Ukraine reclaims swathes of territory as Russia retreats, attacks infrastructure

Zelensky says Russian troops targeting power plants, cutting power and heat to millions, as Ukrainian forces claim to recapture dozens of towns

Ukrainian firefighters put out a fire after a Russian rocket attack hit an electric power station in Kharkiv, Ukraine, September 11, 2022. (AP Photo/Kostiantyn Liberov)
Ukrainian firefighters put out a fire after a Russian rocket attack hit an electric power station in Kharkiv, Ukraine, September 11, 2022. (AP Photo/Kostiantyn Liberov)

Ukraine on Sunday accused Russia of causing massive power outages in the east of the country, as Kyiv announced fresh gains in its counteroffensive, including the recapture of the key city of Izyum.

Ukraine’s nuclear energy agency had already said the final reactor at the Russian-controlled Zaporizhzhia plant, Europe’s largest nuclear power station and a focal point of the conflict, had been shut off as a safety measure.

Later Sunday, large areas of eastern Ukraine were plunged into power cuts, which Ukrainian officials blamed on Russia.

The electricity cuts hit regions with an estimated combined population of nine million people — including in territory controlled by Russia.

Ukraine’s President Volodymyr Zelensky accused Moscow of having deliberately hit civilian infrastructure.

“A total blackout in the Kharkiv and Donetsk regions, a partial one in the Zaporizhzhia, Dnipropetrovsk and Sumy regions,” Zelensky said. “Russian terrorists remain terrorists and attack critical infrastructure. No military facilities, only the goal of leaving people without light and heat.”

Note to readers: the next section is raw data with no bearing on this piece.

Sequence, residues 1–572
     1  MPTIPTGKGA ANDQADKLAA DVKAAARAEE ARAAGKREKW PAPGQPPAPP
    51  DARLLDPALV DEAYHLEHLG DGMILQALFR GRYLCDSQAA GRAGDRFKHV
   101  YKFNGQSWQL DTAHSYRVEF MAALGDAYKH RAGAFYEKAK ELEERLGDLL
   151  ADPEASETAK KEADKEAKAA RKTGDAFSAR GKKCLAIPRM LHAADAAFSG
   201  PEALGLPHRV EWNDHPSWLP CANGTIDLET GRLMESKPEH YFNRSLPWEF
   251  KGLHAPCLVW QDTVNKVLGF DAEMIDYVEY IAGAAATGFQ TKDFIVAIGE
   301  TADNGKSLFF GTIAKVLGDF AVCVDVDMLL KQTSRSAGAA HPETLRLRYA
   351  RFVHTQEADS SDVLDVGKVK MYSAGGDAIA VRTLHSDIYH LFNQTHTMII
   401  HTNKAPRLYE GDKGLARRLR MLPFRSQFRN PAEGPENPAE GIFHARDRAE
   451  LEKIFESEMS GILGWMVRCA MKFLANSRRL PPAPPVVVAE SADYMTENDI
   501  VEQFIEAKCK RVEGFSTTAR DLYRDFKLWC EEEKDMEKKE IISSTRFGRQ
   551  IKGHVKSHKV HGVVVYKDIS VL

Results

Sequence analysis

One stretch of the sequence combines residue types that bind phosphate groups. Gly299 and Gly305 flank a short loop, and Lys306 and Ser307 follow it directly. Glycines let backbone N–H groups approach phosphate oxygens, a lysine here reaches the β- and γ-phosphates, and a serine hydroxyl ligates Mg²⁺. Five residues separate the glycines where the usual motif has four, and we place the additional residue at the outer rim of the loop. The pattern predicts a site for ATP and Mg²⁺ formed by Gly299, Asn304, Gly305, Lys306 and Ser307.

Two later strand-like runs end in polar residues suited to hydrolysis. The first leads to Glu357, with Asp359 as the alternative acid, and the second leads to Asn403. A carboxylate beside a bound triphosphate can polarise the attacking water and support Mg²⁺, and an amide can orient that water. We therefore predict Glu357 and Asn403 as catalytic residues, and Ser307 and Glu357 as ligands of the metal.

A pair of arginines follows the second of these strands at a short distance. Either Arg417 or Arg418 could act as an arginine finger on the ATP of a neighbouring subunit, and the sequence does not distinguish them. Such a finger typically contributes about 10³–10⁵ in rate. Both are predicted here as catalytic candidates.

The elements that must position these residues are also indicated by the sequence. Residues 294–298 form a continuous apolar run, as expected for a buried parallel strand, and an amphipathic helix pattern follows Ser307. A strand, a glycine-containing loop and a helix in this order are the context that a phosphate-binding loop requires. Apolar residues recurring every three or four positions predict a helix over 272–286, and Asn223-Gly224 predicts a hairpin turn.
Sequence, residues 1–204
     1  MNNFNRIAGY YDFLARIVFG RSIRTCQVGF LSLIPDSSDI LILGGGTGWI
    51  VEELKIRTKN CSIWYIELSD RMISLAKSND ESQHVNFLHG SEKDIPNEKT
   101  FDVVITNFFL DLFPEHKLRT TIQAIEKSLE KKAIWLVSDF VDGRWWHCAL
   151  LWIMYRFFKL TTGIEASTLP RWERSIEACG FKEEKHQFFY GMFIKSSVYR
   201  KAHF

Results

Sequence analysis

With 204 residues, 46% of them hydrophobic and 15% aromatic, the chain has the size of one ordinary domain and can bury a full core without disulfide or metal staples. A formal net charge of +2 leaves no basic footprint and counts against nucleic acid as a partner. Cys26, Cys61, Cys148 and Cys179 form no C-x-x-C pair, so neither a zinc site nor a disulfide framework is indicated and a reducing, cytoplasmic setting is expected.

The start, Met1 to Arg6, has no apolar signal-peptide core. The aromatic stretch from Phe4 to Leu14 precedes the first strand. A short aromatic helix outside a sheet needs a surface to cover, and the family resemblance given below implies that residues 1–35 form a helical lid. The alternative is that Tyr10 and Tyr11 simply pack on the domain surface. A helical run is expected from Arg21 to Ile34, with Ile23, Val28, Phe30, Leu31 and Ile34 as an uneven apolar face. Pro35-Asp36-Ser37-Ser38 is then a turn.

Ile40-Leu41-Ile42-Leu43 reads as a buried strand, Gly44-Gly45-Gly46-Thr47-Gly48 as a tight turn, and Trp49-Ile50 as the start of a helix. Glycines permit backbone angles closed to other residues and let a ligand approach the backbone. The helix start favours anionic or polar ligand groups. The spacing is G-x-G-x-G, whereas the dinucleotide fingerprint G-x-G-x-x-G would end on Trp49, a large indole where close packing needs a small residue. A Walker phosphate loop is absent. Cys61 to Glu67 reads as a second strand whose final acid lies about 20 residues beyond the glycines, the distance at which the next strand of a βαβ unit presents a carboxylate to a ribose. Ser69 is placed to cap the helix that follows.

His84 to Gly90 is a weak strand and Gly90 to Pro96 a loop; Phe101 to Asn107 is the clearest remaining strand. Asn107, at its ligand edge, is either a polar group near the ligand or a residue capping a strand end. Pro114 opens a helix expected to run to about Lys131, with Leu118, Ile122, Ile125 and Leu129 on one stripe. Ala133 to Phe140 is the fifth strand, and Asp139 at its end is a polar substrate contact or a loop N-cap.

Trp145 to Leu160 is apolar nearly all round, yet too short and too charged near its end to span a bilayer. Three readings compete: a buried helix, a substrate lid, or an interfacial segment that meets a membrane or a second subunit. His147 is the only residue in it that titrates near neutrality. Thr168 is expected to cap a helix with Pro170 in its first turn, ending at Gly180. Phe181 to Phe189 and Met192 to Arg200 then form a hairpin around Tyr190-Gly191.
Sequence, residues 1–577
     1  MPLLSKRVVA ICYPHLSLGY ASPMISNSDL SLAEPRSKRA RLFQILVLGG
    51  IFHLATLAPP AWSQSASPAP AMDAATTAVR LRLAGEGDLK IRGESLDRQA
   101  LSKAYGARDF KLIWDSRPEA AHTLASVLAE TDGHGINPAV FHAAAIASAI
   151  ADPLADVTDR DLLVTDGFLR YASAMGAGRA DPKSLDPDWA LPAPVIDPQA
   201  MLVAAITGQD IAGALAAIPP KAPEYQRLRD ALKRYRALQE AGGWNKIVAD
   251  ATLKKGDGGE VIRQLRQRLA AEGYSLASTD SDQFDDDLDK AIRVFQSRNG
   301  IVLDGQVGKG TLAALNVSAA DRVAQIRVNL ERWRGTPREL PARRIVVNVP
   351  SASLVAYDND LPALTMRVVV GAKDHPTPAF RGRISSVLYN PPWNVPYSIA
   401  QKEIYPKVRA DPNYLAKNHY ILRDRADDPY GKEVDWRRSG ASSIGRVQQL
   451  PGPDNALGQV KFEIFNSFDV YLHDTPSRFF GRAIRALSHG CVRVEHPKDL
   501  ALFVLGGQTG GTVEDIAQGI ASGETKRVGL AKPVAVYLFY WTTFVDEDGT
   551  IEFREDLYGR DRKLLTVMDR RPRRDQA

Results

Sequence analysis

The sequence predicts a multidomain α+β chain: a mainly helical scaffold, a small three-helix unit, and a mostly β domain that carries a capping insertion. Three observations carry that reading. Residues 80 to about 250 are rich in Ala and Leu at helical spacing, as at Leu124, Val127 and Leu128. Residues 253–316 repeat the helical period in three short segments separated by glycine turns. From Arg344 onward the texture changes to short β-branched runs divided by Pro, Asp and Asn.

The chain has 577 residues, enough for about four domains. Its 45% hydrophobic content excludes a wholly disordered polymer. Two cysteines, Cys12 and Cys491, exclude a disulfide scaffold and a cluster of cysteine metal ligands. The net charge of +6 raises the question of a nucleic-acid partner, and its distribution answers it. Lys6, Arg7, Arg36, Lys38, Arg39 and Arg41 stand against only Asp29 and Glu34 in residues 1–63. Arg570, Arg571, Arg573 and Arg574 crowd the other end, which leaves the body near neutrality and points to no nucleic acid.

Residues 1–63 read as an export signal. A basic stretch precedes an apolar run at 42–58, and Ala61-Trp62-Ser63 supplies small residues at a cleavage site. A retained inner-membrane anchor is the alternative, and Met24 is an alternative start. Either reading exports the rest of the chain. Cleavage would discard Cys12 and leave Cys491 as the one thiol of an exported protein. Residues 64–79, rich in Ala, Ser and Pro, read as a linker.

Police officers carry a bag containing the body of a person killed in his house during a Russian attack in the Pokrovsk region of Ukraine, September 11, 2022. (AP Photo/Leo Correa)

Ukrainian officials said Russia hit Kharkiv TEC-5, the country’s second biggest heat and power plant.

Kharkiv Mayor Igor Terekhov called the power outage “revenge by the Russian aggressor for the successes of our army at the front, in particular, in the Kharkiv region.”

Zelensky mocked the Russian military, saying, “the Russian army in these days is demonstrating the best that it can do — showing its back.”

The Russian attacks were also disrupting railway services, with the national train service announcing delays throughout the east including the country’s second largest city, Kharkiv.

Some districts reported that power had later been restored

The blackouts came as Ukrainian forces claimed to have recaptured dozens of towns and villages in eastern Ukraine as the war marked its 200th day on Sunday.

Ukrainian soldiers in the Donetsk region of Ukraine, July 2, 2022. (AP Photo/Efrem Lukatsky, File)

The speed of Ukraine’s fightback against Russia’s invasion has apparently caught Moscow’s military off-guard, bringing swathes of territory Moscow had controlled for months back into Kyiv’s fold.

The Russian pullback marked the biggest battlefield success for Ukrainian forces since they thwarted a Russian attempt to seize Kyiv near the start of the war.

Images posted by the Ukrainian military showed crates of munitions and military hardware scattered across territory abandoned by the Russian forces.

In his evening address Sunday, Zelensky praised the soldiers who had “liberated hundreds of our cities and villages… and most recently Balakliya, Izyum and Kupiansk,” naming three important hubs recently captured by Kyiv’s army.

Around Balakliya, one of the first towns to be recaptured by Ukrainian troops, AFP journalists saw evidence of fierce battles, with buildings destroyed or damaged and streets mainly deserted.

Ukrainian soldiers pose with a flag after retaking the town of Kupiansk near Kharkiv from Russian force, September 10, 2022. (Social media; used in accordance with Clause 27a of the Copyright Law)